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- Mobile Telephone History
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Mobile Telephone History

Page 9 >>

First generation analog cellular systems begin

BatelcoThe Bahrain Telephone Company (Batelco External link) in May, 1978 began operating a commercial cellular telephone system. It probably marks the first time in the world that individuals started using what we think of as traditional, mobile cellular radio. The two cell system had 250 subscribers, 20 channels in the 400Mhz band to operate on, and used all Matsushita equipment. (Panasonic is the name of Matsushita in the United States.) [Gibson]Cable and Wireless, now Global Crossing, installed the equipment.

In July, 1978 Advanced Mobile Phone Service or AMPS started operating in North America. In AT&T labs in Newark, New Jersey, and most importantly in a trial around Chicago, Illinois Bell and AT&T jointly rolled out analog based cellular telephone service. Ten cells covering 21,000 square miles made up the Chicago system. This first equipment test began using 90 Bell System employees. After six months, on December 20th, 1978, a market trial began with paying customers who leased the car mounted telephones. This was called the service test. The system used the newly allocated 800 MHz band. [Blecher] Although the Bell System bought an additional 1,000 mobile phones from Oki for the lease phase, it did place orders from Motorola and E.F. Johnson for the remainder of the 2100 radios needed. [Business Week2] This early network, using large scale integrated circuits throughout, a dedicated computer and switching system, custom made mobile telephones and antennas, proved a large cellular system could work.

"The car telephone service was introduced in the 23 districts of Tokyo in December 1979 (Showa 54). Five years later, in 1984 (Showa 59), the system became available throughout the country. Coin operated car telephones were also introduced to allow convenient calling from inside buses or taxis." NTT

Worldwide commercial AMPS deployment followed quickly. An 88 cell system in Tokyo began in December, 1979, using Matsushita and NEC equipment. The first North American system in Mexico City, a one cell affair, started in August, 1981. United States cellular development did not keep up since fully commercial systems were still not allowed, despite the fact that paying customers were permitted under the service test. The Bell System's impending breakup and a new FCC competition requirement (external link) delayed cellular once again. The Federal Communication Commission's 1981 regulations required the Bell System or a regional operating company, such as Bell Atlantic, to have competition in every cellular market. That's unlike the landline monopoly those companies had. The theory being that competition would provide better service and keep prices low. Before moving on, let's discuss Japanese cellular development a little more.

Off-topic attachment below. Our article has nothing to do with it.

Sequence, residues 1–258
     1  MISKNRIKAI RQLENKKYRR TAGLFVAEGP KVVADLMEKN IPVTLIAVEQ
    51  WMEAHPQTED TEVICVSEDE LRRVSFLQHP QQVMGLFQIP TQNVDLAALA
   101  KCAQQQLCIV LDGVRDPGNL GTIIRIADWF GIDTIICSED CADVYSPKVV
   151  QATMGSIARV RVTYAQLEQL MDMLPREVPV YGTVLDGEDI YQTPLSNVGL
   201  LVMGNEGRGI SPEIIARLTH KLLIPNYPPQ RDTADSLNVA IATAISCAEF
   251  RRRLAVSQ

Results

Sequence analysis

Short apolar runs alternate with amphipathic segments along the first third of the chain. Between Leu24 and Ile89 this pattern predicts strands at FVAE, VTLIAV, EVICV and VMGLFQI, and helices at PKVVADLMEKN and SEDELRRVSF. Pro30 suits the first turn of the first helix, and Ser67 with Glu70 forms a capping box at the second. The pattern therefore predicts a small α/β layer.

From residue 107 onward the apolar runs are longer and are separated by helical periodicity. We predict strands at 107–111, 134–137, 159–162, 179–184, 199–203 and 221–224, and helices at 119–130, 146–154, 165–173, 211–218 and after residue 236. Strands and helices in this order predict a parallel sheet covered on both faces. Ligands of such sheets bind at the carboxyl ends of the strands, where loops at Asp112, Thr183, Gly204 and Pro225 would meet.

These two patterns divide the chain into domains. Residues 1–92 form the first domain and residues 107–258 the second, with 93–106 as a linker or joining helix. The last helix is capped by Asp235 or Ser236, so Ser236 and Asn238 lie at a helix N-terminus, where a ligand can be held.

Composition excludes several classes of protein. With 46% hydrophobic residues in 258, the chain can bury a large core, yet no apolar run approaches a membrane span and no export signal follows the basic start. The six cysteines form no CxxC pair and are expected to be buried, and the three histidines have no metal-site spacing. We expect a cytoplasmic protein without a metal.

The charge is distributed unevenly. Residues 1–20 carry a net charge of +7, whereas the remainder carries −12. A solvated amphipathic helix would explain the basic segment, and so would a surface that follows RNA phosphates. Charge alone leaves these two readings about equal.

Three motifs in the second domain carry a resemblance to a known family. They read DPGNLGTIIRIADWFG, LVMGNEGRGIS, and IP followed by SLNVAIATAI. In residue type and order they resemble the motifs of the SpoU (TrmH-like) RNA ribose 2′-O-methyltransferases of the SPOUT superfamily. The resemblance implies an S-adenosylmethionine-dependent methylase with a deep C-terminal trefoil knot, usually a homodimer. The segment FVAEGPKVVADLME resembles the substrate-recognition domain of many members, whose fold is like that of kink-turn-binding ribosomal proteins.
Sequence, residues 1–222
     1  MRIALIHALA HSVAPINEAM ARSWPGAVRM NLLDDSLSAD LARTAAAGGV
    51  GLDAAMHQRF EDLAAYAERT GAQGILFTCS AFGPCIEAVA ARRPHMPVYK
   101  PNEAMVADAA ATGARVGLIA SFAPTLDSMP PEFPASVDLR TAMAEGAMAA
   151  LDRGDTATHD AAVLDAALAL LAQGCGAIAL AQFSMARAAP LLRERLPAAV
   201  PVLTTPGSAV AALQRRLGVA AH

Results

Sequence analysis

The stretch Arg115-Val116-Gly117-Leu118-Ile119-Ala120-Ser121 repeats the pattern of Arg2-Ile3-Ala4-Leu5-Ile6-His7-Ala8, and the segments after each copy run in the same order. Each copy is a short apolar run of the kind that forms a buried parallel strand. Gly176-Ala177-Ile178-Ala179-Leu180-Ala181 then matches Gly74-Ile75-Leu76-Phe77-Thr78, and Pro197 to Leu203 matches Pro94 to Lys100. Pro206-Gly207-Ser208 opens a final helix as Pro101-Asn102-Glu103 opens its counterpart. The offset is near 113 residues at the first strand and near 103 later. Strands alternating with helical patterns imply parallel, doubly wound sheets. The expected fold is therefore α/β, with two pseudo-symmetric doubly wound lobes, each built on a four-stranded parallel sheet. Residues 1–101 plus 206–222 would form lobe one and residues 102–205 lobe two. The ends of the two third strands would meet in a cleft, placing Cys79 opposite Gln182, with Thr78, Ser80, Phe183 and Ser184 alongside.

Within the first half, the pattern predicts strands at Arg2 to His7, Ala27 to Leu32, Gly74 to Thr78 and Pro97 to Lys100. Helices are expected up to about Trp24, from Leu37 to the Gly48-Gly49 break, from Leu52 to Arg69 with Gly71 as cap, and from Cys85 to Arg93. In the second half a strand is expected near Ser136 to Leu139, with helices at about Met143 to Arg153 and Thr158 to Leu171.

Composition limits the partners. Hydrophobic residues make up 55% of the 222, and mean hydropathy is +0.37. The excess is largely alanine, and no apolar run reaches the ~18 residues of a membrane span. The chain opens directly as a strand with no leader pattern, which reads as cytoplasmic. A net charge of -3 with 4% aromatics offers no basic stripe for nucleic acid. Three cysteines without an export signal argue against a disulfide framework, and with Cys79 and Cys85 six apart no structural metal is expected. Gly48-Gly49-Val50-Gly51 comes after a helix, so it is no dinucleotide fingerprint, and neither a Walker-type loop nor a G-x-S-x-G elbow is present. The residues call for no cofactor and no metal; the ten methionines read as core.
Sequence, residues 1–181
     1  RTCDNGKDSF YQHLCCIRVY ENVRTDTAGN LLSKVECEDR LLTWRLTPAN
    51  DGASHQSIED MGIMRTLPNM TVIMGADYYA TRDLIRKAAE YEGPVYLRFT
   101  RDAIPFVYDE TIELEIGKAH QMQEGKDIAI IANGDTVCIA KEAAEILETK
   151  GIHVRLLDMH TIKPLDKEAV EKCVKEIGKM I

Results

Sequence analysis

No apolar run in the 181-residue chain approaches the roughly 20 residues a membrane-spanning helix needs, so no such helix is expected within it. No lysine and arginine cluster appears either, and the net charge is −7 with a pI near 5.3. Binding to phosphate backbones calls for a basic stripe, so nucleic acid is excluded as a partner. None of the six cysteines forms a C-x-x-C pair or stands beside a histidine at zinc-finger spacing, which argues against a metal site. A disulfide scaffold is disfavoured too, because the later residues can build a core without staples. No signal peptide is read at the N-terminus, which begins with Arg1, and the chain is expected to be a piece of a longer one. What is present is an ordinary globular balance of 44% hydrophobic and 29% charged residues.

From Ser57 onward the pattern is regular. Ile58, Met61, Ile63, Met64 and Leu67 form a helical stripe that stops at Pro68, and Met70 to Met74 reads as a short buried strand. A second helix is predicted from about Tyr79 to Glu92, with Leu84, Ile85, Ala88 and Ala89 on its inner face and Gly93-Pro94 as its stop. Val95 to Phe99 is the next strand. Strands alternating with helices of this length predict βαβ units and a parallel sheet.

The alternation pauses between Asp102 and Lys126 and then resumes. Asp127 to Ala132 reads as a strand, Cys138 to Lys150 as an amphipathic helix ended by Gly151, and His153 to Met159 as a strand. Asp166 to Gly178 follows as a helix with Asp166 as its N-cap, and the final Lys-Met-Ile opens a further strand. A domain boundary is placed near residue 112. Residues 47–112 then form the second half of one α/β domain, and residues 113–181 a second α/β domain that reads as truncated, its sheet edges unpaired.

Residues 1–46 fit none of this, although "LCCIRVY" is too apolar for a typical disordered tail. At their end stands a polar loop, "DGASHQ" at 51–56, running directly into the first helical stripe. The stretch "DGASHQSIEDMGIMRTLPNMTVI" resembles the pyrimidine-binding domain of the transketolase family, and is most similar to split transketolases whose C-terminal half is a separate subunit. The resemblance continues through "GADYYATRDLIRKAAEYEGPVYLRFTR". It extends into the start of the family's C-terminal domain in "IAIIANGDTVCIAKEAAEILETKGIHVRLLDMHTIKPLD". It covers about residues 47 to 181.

Growth of Japanese cellular development

At the end of World War II Japan's economy and much of its infrastructure was in ruins. While America's telecom research and development increased quickly after the War, the Japanese first had to rebuild their country. It is remarkable that they did so much in communications so quickly. Three things especially helped.

The first was privatizing radio in 1950. No commercial radio or television broadcasting existed before then and hence there was little demand for receivers and related consumer electronics. Stewart Brand, writing in The Media Lab, quotes Koji Kobayashi in his book Computers and Communications: "Clearly the release of radio waves was a pivotal event that set off a burst of activity that revitalized postwar Japan. In this sense it is quite significant that every year on the first day of June a grand 'Radio Waves Day' takes place to commemorate the promulgation of the Radio Waves Laws." The second great help was Japan re-gaining its independence in 1952, allowing the country to go forward on its own path, arranging its own future. The third event was an easy patent policy AT&T adopted toward the transistor.

Fearing anti-monopoly action by the U.S. States Justice department, the Bell System allowed anyone for $25,000 to use its transistor patents. Although the first transistorized products were American, the Japanese soon displayed an inventiveness toward producing electronics that by the mid-1960s caused many American manufacturers to go out of business. This productivity was in turn helped by a third cause: a government willingness to fund research and development in electronics. Essner, writing in a Japanese Technology Evaluation Center report, neatly sums up most of the telecom situation: